“What happened to your wrist, Molly?”
            Molly’s eyes grew wide. “I, um, I dropped a jar on my arm. I was reaching up into the cupboard and I accidentally knocked it off the shelf.”
            “Oh, alright,” Ms. Mintin nodded and smiled at Molly. After a moment, she walked around the circle of students still playing dodge ball and waved over one of the yard-duties.
            Molly couldn’t hear what Ms. Mintin said to her, but she did see Ms. Mintin look in Molly’s direction once.
            The elderly yard-duty nodded her head.
            Ms. Mintin smiled at the woman, and then walked quickly toward her classroom.
#
When Molly walked inside her apartment after school, it was quiet and dark. Snoring came from the living room. Her father was asleep on the couch again. There were no lights on in the apartment.
            Her mom came up behind her. “Play quietly, Molly. Your father isn’t feeling well.”
            Molly glanced over at the beer cans on the coffee table and then looked at her mom. “Okay, Mom.” Molly gave a weak smile and moved down the hall toward her room.
            Zippy was sitting on his rock when she came in, basking in the sunlight that was creeping in through the blinds on her window. Her smile grew. She set her backpack on the floor. She reached for the pellet box on her dresser. Dropping tow pellets into the water, she sat on her bed and watched.
            She sang to Zippy as he swished across the water and snatched a pellet into his mouth as fast as he could. In seconds the other one had also disappeared. Zippy swam around the bowl for a minute and then returned to his rock in the sun.
            Molly closed her door quietly so she wouldn’t wake her dad, and then she pushed her backpack closer to her desk with her foot and sat down in her chair. Reaching into the backpack she took out her books and set to work on her homework.
#
“Molly?” Molly’s mom opened the door. “Dinner’s ready.”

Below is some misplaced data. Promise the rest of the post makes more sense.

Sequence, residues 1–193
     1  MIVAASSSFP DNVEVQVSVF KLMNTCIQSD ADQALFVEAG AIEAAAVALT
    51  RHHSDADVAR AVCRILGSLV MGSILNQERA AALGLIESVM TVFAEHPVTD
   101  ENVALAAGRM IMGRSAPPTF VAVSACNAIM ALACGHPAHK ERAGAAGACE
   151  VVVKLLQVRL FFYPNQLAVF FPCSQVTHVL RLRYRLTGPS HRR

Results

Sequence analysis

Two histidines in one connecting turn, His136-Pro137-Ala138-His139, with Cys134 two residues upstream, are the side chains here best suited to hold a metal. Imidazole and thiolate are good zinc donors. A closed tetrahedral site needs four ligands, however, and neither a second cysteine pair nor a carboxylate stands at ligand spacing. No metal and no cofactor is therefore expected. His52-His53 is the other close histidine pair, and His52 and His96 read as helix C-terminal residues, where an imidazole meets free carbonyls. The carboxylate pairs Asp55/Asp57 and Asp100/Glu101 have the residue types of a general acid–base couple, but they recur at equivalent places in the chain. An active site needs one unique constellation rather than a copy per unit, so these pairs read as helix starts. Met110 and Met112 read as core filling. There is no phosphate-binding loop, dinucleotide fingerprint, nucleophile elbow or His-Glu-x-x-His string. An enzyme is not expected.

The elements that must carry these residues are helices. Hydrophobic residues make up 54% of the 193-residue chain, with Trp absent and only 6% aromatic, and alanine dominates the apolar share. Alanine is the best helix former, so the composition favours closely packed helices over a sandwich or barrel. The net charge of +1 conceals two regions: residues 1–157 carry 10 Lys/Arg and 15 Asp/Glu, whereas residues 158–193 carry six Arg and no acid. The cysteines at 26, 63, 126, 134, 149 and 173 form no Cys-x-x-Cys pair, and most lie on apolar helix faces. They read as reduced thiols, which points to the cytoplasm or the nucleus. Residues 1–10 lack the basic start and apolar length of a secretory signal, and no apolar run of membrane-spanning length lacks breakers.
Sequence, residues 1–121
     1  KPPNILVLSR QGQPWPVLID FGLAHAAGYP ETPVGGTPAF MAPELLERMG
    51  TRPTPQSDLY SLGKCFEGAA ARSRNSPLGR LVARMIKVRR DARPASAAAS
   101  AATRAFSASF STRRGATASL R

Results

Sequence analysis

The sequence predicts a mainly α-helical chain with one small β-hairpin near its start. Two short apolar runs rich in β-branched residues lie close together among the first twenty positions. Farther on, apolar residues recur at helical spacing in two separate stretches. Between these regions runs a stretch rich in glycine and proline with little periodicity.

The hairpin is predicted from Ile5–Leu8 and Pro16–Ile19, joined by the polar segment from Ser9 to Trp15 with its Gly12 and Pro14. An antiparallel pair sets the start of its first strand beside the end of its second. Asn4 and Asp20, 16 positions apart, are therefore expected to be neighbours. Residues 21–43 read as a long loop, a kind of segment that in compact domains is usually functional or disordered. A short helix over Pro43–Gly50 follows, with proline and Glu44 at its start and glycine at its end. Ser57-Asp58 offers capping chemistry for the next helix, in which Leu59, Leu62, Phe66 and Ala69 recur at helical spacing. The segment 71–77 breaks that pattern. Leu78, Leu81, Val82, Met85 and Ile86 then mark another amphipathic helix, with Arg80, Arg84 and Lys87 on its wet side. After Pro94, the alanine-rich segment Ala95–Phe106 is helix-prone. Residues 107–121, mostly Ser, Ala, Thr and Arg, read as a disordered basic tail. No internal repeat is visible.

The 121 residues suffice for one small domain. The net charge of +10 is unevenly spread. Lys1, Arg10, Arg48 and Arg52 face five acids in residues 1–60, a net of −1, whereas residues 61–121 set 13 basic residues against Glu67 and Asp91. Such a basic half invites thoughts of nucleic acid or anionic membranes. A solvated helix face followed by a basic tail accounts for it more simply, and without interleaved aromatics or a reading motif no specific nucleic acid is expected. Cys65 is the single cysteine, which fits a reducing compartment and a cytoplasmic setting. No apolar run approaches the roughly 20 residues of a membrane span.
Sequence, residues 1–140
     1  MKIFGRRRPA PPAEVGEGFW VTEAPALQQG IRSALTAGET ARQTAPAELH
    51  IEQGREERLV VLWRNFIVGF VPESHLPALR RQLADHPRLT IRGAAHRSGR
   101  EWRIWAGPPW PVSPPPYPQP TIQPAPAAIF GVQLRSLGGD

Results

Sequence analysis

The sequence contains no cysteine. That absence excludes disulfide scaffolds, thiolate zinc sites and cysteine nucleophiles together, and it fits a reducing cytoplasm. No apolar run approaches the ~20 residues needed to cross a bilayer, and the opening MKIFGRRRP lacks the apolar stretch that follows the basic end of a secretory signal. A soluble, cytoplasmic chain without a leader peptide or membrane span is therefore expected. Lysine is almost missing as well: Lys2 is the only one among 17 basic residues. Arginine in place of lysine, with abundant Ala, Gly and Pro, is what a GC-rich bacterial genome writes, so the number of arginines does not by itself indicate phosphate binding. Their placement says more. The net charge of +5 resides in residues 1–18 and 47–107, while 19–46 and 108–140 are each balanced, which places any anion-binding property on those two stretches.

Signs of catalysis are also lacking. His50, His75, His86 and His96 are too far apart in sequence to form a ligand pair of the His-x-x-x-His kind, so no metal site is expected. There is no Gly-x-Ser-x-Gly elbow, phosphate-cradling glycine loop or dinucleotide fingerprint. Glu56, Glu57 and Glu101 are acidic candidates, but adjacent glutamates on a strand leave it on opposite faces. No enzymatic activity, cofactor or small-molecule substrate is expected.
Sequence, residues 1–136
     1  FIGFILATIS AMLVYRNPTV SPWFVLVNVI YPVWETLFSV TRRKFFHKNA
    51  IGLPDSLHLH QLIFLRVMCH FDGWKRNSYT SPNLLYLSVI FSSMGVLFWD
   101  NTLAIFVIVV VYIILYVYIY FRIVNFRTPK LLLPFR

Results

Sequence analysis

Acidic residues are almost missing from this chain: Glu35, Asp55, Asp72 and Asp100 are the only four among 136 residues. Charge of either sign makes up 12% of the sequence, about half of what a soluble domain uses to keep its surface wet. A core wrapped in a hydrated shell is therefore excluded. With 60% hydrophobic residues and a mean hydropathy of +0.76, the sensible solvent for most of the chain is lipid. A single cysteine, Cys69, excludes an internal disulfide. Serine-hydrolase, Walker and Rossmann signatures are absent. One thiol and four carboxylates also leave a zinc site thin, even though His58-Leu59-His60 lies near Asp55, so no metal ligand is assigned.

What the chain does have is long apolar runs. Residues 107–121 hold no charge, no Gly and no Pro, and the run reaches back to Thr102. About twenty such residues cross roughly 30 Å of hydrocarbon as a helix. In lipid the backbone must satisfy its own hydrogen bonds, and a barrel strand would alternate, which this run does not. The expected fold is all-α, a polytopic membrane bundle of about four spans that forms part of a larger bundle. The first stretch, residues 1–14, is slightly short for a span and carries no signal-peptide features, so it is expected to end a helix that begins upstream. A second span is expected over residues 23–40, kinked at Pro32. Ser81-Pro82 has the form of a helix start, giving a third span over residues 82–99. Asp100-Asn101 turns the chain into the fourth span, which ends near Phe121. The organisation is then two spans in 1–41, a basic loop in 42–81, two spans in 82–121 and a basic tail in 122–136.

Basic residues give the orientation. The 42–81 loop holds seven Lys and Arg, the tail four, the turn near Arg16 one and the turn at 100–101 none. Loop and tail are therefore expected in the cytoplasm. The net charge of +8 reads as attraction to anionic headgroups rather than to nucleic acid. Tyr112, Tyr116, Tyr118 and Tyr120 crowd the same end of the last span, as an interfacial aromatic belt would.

“Thanks, Mom.”
            Molly’s mom smiled then disappeared behind the door again. Molly finished up the word problem she was working on, set down her pencil, glanced at Zippy, and then left her room.
            Once she reached the kitchen, she saw it was her favorite meal: sloppy joes.
            “Here, Honey, grab a plate from the table and come here,” her mom said. “I’ll serve you.”
            “Okay.” Molly moved to the table, picked up a plate, and walked toward her mother.
            Once her mom had served her, she sat at the table. She looked up at her mom.
            “Is Dad eating with us?” she asked.
            “I don’t know.” Molly’s mom went into the other room. Molly heard her whisper.
            “Joe, dinner’s ready. Sloppy joes.”
            Molly heard the couch squeak.
            “I’m not hungry, thanks,” her dad grumbled.
            “Are you sure?” her mom asked.
            “Yeah. Go eat.”
            Molly’s mom walked back into the kitchen, served herself some dinner, and then sat at the table with Molly. The two ate silently.
            When Molly was finished she thanked her mother, set her plate in the sink, and walked back to her room. As she closed the door, she began singing again.
#
Molly was reading when she decided it was time for dessert. She went to her door, and then paused. Her mom was standing at the counter in the kitchen, filling a plate with leftovers from dinner. Her father was standing right behind her, about to speak.
            “I told you never to wake me up,” he said.
            “Dinner was ready, Joe,” her mom whispered. “I figured you’d be hungry.”
            “Did I ask you to wake me up?” he asked.
            “No, but I—.”
            He interrupted her. “Do what I ask, Mae.”
            Molly’s mom didn’t say anything or turn from the counter to face her husband.